Finally, is the desire to attend, will I have fun, what will my take away moment be? This fourth and final obstacle is in fact the largest hurtle to overcome, because it feeds the first three. Each of the above side stories are memories I have of past reunions. Just the other day my nine year old was asking when we were going back to that place, where all the cousins played outside and his one cousin has horses. He did not remember names or where it was, but he knows it was a good time and we go each year in the spring.
I leave you today with the following thoughts: What will you and your children’s reunion memories be? Will they grow up knowing the true history behind what they learn in school and that our ancestors were there? Will their family history school project contain 138 years of genealogy references? Will your child be the president presiding over the 100th Annual Bracewell Reunion in 20 years? You may never know unless you attend.
DEVOTIONAL DELIVERED BY
JOSEPH SEARCY BRACEWELL III
AT BRACEWELL REUNION — JUNE 5, 1977
I am honored to have been asked to speak today. It is always a pleasure to come to the reunion and see old friends whom I haven't seen in a long time. I always find it interesting as well to see the large and growing group of people at the reunion whom I don't know. The fact that common ancestry brings together each year a group of people from different parts of the state and different walks of life is a credit not only to the original common ancestors, but to those family members who—over the years—have worked hard to keep the reunion a viable event.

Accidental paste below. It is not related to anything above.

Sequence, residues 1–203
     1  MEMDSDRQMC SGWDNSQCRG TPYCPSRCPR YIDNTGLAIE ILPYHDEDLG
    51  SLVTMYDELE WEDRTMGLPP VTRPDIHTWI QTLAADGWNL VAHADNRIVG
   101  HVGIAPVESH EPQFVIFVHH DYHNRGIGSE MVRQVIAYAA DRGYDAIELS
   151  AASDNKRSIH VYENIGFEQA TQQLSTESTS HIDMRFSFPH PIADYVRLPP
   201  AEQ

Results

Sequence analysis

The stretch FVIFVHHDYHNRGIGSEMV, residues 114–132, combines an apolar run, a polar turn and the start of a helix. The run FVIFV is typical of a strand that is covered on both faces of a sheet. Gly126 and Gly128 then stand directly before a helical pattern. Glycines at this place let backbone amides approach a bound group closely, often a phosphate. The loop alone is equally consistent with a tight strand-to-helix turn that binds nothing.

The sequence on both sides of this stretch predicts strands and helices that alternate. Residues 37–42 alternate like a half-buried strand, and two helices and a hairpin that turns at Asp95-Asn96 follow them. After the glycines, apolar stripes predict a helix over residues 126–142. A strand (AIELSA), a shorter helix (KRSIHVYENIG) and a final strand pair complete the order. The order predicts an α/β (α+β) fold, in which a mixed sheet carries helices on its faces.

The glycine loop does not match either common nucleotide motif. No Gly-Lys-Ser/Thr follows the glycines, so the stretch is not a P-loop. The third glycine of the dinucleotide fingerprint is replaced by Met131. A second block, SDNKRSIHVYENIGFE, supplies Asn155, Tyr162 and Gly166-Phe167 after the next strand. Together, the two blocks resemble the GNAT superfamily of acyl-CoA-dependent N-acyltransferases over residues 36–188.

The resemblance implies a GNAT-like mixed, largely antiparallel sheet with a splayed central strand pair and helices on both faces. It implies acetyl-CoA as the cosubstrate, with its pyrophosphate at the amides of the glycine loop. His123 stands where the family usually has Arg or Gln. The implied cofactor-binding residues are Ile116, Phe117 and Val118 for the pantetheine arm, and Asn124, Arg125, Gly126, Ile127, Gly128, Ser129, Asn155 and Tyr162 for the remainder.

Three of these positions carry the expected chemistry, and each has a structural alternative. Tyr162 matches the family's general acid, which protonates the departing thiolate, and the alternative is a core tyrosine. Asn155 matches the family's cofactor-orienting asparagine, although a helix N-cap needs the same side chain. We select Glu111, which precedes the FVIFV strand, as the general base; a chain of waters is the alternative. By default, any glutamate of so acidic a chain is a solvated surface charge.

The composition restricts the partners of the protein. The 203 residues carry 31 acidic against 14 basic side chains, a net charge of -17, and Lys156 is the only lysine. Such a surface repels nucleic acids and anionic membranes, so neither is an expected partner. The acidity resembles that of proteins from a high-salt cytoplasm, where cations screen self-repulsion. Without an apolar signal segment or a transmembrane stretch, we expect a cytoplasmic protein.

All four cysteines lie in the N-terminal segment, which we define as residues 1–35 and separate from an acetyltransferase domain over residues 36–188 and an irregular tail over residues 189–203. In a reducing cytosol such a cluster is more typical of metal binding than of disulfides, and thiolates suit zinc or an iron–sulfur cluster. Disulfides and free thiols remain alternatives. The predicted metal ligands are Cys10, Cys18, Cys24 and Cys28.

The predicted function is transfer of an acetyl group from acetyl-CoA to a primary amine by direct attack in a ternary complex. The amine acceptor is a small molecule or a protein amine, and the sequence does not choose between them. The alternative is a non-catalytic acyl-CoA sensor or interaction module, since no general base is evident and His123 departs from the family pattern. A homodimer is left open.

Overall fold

A question that intrigues me, however, is this: Why do we come to the reunion? What do we get out of it? What are we seeking that draws us like a magnet to Bedias in the spring of each year?
I believe there are several things about the reunion which cause us to come, not the least of which is the fine lunch which is always served. I also believe that much of what we learn and feel by coming to the reunion has a direct application to our daily lives in a world of people who do not happen to be members of the Bracewell family.
One obvious and important purpose of the reunion is the opportunity for fellowship with relatives and good friends. The sharing of a few hours, a meal, a few prayers, and a few songs, makes us feel closer to people we love and reminds us that there are others in our lives with whom we should be sharing similar moments.
In remembering the generations which have gone before us—and in welcoming the newborn into the family—the reunion gives us a sense of continuity, an understanding that we are both products of the past and creators of the future. In our larger family of mankind itself, we occupy similar role positions, and our family experience provides us with a sense of personal perspective as we think about our place and mission in the world.